Steve Blake – Just call him a marksman, because that’s what he was tonight. As if he was making up for lost time, Blake rattled off 14 points before halftime, hitting 5-6 from the field, included 4-4 from behind the arc. In a rare, woh-he-never-does-that moment, Blake even drove in and scored on a one-handed layup. He finished with 17 points on 6-9. Despite collecting just one assist, he created a number of plays by sending the pass before the pass before the shot. He said in the post-game interview that he’s still trying to get into game shape, but if tonight’s performance was any indication of the shape he’s currently in, then we probably haven’t even seen the best of his game.
Walking Double-Doubles – Andrew Bynum, 14 points on 5-7, hit all four of his free throw attempts, grabbed 19 huge rebounds, handed out a pair of assists and a steal. Pau Gasol had 16 points, on an okay 5-13 from the field, hit all of his six free throws, grabbed 12 rebounds, handed out four assists, and blocked on shot. It was the pair’s typical double-double night, but the only problem was that most of their activity happened in the first half.

Third Quarter Almost-Collapse – The Lakers allowed the Blazers to score 36 points in the third quarter on 60% shooting, which cut their lead to 14 points going into the fourth. Yes, Portland hit 7-9 from behind the arc, which was a huge help in their catch-up, but a more glaring factor was the fact that Gasol and Bynum combined for just eight points on 2-5 from the field (and Gasol’s four free throws). As has been the case on nights when Gasol and Bynum get such little opportunity with the ball, Kobe Bryant is usually the cause. Fortunately, Bryant shot 50% from the field for his 28 points so his possession of the rock was not in vain.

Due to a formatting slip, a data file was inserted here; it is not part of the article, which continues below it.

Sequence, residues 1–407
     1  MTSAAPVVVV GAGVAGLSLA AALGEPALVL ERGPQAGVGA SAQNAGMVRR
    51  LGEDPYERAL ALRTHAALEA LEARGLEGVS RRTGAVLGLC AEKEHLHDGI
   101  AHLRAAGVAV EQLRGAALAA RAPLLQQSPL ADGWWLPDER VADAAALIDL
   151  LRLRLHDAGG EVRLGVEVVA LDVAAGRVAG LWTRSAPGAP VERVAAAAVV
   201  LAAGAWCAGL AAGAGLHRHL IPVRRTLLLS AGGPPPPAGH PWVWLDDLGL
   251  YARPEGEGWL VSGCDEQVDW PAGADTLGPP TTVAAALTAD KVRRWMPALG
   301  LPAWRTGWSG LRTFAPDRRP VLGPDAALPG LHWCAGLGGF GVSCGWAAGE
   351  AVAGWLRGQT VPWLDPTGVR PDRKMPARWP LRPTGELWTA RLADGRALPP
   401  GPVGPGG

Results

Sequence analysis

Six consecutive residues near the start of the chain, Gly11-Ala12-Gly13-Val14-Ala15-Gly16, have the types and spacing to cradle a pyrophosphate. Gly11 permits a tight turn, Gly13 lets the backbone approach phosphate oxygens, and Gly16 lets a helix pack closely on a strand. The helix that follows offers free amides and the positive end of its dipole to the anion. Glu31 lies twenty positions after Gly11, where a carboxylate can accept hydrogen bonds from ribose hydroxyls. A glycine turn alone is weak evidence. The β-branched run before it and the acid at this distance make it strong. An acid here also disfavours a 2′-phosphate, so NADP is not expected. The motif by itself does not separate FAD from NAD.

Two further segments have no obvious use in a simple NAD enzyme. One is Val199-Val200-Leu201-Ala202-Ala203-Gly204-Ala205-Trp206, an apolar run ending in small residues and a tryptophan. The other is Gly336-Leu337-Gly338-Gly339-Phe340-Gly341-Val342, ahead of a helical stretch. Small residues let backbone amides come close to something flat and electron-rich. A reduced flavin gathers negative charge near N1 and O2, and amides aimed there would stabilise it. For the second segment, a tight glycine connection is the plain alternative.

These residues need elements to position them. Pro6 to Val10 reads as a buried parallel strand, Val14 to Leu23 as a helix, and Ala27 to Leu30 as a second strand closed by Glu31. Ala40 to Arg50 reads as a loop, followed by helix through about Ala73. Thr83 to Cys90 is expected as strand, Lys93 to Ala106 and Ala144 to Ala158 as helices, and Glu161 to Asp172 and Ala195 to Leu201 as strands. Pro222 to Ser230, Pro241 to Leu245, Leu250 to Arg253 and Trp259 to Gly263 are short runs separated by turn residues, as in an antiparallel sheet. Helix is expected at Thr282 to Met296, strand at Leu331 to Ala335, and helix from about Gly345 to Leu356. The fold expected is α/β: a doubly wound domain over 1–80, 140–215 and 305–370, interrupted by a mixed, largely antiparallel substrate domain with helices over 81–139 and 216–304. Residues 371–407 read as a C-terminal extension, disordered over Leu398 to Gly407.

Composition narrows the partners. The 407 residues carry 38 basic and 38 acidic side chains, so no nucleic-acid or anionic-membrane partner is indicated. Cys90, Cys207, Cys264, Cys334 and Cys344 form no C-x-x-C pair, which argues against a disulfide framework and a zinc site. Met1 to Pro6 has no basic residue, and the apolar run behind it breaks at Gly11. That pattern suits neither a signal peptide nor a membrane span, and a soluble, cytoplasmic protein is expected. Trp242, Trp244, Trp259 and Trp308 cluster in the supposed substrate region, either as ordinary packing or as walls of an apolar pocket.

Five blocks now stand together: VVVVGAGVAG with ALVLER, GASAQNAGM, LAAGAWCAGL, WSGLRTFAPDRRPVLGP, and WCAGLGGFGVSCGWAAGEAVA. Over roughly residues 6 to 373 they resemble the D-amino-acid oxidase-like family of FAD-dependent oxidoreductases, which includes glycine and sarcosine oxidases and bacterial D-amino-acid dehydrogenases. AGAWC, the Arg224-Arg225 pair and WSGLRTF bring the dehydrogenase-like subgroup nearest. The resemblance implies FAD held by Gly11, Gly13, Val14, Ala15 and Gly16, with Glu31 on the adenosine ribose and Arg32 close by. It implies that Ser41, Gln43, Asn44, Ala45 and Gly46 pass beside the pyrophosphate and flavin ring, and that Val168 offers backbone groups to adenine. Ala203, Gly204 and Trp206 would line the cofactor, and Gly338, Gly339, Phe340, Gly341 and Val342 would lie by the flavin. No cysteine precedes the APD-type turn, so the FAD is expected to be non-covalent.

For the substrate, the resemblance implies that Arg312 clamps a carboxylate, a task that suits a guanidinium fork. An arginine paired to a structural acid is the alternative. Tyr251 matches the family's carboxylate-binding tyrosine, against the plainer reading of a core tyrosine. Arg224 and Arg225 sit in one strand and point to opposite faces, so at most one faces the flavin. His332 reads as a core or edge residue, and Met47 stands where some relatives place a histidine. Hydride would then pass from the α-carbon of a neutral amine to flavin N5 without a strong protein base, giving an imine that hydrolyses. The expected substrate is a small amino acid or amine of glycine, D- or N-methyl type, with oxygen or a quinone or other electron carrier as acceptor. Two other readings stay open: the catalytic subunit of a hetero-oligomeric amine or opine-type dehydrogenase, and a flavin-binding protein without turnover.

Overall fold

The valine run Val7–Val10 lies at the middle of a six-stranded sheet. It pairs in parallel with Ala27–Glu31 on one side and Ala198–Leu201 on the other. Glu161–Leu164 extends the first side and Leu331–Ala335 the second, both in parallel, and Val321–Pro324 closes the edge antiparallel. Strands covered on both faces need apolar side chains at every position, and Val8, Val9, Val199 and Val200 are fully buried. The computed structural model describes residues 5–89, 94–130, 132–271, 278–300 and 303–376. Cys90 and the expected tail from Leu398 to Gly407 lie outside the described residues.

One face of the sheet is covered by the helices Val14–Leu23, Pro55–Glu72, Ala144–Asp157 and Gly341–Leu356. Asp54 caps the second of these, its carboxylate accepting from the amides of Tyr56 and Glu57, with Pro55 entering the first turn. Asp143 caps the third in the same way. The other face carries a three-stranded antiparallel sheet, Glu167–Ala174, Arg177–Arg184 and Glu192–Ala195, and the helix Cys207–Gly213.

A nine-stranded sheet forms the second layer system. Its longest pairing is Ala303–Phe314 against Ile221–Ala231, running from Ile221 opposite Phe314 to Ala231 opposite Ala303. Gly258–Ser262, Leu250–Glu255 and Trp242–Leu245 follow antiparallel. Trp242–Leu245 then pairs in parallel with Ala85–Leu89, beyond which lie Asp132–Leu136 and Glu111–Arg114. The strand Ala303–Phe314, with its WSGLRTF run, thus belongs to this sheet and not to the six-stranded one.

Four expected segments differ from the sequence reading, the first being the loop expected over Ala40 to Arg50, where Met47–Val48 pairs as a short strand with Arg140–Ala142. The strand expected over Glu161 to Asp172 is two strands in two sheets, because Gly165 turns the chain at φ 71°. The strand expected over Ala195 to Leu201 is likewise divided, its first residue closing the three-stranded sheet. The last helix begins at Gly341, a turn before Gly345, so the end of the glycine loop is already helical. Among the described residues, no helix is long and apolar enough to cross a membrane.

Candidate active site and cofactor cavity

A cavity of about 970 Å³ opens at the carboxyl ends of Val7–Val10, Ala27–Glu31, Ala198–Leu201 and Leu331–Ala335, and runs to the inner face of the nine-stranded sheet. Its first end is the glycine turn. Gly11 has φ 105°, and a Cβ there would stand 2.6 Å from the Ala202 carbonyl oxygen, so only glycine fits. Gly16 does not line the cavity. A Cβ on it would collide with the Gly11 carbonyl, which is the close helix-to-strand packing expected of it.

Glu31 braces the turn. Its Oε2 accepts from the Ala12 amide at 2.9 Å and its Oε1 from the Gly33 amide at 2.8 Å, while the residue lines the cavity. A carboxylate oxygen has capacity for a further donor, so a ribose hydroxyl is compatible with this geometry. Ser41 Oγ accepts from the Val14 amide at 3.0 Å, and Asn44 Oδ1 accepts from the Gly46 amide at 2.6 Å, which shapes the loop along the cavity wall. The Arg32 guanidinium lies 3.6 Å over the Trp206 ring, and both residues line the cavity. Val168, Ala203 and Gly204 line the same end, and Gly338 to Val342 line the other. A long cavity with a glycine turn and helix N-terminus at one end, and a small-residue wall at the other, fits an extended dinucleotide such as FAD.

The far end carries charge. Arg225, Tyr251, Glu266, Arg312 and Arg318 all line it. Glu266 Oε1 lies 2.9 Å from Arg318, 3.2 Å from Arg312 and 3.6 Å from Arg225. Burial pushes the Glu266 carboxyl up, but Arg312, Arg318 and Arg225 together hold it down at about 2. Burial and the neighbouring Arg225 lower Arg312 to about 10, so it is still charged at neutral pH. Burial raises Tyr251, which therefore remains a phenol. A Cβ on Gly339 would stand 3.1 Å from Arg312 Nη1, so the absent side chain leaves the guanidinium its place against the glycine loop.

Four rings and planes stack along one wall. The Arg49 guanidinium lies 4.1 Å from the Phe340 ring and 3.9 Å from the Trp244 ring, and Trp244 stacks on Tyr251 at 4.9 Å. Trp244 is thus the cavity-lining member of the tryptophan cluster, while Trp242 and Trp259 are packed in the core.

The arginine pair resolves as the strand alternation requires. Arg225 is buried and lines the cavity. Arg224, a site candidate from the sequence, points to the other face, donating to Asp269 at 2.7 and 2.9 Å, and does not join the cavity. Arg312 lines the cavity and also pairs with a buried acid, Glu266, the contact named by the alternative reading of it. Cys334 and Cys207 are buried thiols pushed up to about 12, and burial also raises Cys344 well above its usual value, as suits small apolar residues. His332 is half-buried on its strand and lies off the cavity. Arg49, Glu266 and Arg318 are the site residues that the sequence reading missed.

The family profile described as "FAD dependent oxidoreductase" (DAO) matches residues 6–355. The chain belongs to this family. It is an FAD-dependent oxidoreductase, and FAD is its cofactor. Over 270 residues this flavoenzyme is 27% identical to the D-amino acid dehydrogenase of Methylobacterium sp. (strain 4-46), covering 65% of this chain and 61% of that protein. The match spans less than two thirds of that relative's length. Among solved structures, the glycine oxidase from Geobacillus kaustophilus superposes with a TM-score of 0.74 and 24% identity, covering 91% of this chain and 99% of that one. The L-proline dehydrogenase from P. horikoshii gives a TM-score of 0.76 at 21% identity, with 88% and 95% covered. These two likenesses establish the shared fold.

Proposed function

After the Third Quarter, the Lakers continued to go away from what worked in the first half. In 9:23 minutes of floor time, Bynum attempted one shot that didn’t go, and Gasol scored just four points on 1-2 from the field and a pair of free throws. Portland got the lead down to 10 points with just under eight minutes left in the game. With the way they were hitting the threeball (12-23 for the game), those 10 points could have easily been erased, but then Derek Fisher hit a pull-up jumper, which was followed by back-to-back buckets from Bryant. If not for that gargantuan lead early in the game, Portland might’ve stolen one at Staples.
Not LobCity – It was just a fluke when it was happening merely occasionally, but the Lakers, this season, have gotten into a bad habit of over-calculating their lobs and cross-court passes, which result in nothing but wasted possessions/turnovers. The only successful long pass tonight came late in the game when Andrew Bynum, after securing a defensive rebound, threw a one-handed bullet pass straight across the court to Bryant who scored on the other end.

If we’ve clarified anything tonight, it’s that the Rose Garden up in Portland really is a cursed place for the Lakers and Staples Center has turned into a not-so-happy place for the Trailblazers. Next up are two road games against the Dallas Mavericks and the league-leading Oklahoma City Thunder. If they could play with as much energy and purpose as they did in the first half, that sub-.500 road record could turn a corner.

Box Score